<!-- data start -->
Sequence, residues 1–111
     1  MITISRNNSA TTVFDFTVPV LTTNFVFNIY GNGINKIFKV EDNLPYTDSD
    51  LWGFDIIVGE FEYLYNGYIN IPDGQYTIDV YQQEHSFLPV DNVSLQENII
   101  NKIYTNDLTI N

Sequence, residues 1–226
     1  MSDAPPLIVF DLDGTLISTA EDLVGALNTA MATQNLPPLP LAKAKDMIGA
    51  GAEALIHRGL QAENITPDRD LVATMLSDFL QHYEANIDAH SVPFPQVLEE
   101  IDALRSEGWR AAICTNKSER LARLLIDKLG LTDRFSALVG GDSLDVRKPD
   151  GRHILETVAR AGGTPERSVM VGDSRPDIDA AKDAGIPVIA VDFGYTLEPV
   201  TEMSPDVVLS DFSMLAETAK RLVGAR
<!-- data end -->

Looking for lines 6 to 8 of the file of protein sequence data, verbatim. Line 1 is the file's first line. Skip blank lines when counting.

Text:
     1  MSDAPPLIVF DLDGTLISTA EDLVGALNTA MATQNLPPLP LAKAKDMIGA
    51  GAEALIHRGL QAENITPDRD LVATMLSDFL QHYEANIDAH SVPFPQVLEE
   101  IDALRSEGWR AAICTNKSER LARLLIDKLG LTDRFSALVG GDSLDVRKPD